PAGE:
This study explores both the reformulation of, and the solution to, the traditional problem of envy in the political science of Baruch Spinoza (1632-1677). The idea that envy tears communities asunder predates the history of political philosophy. The problem has a central place in ancient Greek political thinking. More recently, political philosophers like John Rawls and Martha Nussbaum argue that diverse societies of rights-bearing equals are less prone to destabilizing envy. However, the history of envy as a topic of political philosophy remains unwritten. This study proposes a pivotal chapter of this yet-unwritten history. It credits Spinoza for inaugurating the contours of the arguments that modern democratic political philosophers make about envy today.
Spinoza is the first to argue that increased commercial and political opportunities in more market-oriented and more democratic societies will bypass situations that, absent these opportunities, would generate socially destabilizing envy. In Spinoza’s unfinished Political Treatise (1677), the stability of every classical regime type—monarchy, aristocracy, or democracy—depends upon greater commercialization and greater democratization in order to thwart the underlying threat of envy. Spinoza criticizes regimes where wealth and power are monopolized by very few, and proposes property laws and political structures that more widely distribute these scarce and rival goods. Spinoza’s proposals are unrecognized prototypes of contemporary political philosophers’ arguments that liberal-democratic institutions buttress some modern societies against the ancient political problem of envy.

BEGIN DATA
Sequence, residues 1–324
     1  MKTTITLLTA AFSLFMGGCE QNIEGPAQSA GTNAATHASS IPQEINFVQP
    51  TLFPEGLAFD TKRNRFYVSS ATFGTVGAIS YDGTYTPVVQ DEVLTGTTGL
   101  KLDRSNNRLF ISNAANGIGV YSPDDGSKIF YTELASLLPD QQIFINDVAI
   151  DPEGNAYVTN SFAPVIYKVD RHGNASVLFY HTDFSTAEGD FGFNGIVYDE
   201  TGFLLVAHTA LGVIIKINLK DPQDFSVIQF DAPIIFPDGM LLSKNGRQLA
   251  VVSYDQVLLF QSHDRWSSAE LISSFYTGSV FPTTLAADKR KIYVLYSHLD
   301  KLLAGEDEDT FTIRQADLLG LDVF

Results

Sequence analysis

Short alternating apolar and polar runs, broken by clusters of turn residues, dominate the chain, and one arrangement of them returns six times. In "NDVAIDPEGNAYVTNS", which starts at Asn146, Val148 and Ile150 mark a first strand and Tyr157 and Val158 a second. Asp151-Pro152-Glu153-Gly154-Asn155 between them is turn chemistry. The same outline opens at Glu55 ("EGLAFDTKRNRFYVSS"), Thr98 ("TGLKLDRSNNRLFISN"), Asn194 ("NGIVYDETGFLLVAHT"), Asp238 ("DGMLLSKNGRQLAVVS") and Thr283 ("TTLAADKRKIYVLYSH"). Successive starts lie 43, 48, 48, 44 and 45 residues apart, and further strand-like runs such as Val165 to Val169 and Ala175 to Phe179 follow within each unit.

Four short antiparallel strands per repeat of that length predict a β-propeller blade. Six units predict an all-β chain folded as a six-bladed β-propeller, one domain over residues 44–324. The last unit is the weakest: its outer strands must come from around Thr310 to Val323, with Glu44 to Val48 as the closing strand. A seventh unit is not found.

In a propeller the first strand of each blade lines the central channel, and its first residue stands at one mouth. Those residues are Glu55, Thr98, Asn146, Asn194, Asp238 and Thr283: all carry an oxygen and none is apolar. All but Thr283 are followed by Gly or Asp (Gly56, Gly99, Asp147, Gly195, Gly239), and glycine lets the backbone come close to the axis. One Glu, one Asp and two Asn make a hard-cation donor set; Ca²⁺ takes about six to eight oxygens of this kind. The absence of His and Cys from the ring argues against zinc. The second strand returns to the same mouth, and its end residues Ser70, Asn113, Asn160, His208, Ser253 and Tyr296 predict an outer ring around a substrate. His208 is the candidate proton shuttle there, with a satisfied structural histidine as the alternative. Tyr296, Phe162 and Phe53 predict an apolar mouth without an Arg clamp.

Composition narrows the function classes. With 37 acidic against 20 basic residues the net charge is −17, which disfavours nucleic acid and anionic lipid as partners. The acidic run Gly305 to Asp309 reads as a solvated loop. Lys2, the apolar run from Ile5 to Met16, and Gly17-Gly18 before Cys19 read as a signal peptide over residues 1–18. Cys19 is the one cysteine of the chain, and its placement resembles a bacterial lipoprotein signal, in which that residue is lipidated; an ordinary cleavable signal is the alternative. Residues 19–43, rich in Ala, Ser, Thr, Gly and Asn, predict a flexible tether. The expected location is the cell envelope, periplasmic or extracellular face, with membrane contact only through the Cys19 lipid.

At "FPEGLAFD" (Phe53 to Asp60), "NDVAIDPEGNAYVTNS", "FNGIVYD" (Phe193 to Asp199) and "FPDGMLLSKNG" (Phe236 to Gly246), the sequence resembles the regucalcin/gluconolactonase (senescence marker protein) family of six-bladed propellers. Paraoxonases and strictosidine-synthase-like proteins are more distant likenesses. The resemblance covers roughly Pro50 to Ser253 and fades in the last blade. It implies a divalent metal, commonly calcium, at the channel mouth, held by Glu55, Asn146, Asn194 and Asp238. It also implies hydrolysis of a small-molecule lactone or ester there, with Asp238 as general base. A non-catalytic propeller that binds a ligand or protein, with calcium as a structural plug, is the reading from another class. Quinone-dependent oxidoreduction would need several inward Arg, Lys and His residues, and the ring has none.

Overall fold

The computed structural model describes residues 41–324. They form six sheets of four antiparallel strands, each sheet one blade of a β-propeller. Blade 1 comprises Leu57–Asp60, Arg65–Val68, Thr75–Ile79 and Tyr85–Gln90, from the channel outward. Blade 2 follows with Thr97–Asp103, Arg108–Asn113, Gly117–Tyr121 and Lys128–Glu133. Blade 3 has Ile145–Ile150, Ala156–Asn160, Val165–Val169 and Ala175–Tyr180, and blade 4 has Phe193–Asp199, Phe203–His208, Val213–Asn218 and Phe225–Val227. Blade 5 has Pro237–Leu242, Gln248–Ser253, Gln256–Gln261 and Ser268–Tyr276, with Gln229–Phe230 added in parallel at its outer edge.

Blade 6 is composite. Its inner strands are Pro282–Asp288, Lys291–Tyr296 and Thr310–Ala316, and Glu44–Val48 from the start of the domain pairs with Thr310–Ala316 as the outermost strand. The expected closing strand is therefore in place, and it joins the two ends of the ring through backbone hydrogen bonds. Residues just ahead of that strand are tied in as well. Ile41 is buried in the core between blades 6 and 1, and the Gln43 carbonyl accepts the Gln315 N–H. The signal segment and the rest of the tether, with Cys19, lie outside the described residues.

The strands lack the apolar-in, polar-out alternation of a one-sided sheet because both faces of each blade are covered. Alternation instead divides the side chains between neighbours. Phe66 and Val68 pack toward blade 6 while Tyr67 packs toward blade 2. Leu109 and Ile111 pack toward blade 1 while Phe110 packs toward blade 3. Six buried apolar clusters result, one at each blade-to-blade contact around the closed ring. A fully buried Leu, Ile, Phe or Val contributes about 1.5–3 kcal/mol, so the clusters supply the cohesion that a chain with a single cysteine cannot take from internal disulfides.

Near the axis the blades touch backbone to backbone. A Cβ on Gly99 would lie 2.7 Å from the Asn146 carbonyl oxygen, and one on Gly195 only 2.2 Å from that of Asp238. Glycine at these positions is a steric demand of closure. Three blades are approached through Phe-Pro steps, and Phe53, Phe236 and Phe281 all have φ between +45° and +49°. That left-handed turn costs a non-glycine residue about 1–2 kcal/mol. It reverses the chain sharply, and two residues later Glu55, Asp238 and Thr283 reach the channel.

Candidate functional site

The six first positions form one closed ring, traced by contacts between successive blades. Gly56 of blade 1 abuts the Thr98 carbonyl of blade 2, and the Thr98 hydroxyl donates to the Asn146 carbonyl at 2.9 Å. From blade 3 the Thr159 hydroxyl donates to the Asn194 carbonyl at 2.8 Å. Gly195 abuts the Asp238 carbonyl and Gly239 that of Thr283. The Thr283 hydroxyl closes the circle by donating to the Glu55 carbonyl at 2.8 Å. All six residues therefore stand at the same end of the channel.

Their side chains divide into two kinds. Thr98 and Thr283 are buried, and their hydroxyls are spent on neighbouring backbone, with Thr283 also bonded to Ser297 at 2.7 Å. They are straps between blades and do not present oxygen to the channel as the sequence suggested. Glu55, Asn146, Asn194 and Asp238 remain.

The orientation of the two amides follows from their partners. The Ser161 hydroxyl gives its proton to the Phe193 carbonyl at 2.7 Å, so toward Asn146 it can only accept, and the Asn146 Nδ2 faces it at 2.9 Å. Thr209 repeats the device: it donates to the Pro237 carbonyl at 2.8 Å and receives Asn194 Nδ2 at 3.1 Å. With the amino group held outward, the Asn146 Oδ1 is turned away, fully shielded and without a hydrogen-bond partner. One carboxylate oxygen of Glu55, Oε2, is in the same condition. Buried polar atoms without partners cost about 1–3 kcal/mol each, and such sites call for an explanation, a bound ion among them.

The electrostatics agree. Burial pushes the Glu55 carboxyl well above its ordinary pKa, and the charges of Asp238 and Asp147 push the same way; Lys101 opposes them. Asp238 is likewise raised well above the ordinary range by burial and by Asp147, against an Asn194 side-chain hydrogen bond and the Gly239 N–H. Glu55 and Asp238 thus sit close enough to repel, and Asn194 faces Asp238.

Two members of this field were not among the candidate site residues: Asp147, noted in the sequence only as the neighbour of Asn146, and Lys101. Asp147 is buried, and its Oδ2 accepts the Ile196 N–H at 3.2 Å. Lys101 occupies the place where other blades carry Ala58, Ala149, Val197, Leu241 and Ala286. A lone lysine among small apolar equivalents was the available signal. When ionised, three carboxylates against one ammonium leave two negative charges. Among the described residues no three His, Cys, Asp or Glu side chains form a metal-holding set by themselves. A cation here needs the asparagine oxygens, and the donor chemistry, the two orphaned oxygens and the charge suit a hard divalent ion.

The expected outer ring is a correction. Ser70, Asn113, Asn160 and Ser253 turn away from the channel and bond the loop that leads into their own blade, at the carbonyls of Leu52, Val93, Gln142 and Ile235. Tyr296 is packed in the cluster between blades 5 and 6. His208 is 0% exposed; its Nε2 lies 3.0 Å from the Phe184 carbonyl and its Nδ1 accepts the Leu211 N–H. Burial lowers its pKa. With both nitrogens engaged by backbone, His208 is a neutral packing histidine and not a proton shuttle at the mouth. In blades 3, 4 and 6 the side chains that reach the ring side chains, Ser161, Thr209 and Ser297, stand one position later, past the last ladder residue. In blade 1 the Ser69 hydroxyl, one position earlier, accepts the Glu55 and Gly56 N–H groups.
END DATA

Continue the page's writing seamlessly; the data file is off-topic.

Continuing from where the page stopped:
These breakthrough modern solutions in the Political Treatise are meant to address the problems that emerge in the psychology of Spinoza’s Ethics, where he presents envy as the first cause of hatred. While envy is a political problem attested by the most ancient writers, Spinoza arrives at the problem of envy in his attempt to reduce political behavior to a simpler level of psycho-physiological causes. This commitment to naturalism leads Spinoza, furthermore, to reject the account of the cause of war given by Thomas Hobbes, with whom Spinoza is often compared. Identifying envy as the fundamental problem of Spinoza’s political science gives us an appreciation of the originality and power of his political theory, and also of his pivotal importance in the history of political thought.
Spinoza proposes a political science that completely accounts for the origins of all hatred, religious violence, and civil war—in envy. He also proposes a way to bypass this problem at the level of constitutional design: creating opportunity, not relying upon moral authority. Spinoza’s account has none of the attractive modesty that characterizes contemporary political philosophy in the same vein. However, reconstructing his political science in its completeness allows us to better understand the presuppositions, benefits, and unintended consequences of modern solutions to this most ancient political problem.